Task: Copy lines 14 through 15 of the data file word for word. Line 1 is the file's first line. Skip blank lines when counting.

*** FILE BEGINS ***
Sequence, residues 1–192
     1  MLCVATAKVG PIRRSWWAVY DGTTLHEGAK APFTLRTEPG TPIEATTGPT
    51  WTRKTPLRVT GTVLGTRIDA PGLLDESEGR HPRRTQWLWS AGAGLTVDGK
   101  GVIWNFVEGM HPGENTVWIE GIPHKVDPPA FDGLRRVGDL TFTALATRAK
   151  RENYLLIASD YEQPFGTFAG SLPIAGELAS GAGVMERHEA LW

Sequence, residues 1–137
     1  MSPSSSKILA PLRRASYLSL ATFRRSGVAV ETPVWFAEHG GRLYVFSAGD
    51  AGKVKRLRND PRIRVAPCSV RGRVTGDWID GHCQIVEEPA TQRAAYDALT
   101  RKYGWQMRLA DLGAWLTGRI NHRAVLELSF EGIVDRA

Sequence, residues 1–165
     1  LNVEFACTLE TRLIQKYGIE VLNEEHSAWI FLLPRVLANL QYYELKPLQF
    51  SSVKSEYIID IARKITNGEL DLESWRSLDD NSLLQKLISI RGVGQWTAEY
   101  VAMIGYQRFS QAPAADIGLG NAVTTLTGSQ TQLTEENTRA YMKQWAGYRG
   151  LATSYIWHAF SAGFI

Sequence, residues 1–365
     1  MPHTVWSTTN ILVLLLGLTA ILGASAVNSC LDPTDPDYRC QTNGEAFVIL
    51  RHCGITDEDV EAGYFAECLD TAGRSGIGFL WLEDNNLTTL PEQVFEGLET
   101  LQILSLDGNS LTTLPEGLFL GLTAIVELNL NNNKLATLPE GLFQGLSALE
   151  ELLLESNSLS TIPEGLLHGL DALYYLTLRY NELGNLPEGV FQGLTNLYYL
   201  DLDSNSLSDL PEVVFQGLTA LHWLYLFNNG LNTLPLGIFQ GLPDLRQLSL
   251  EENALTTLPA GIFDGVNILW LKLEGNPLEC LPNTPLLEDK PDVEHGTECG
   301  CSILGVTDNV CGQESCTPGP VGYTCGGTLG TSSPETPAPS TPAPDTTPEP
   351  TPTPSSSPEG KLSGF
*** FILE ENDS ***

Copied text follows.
   151  LATSYIWHAF SAGFI

Sequence, residues 1–365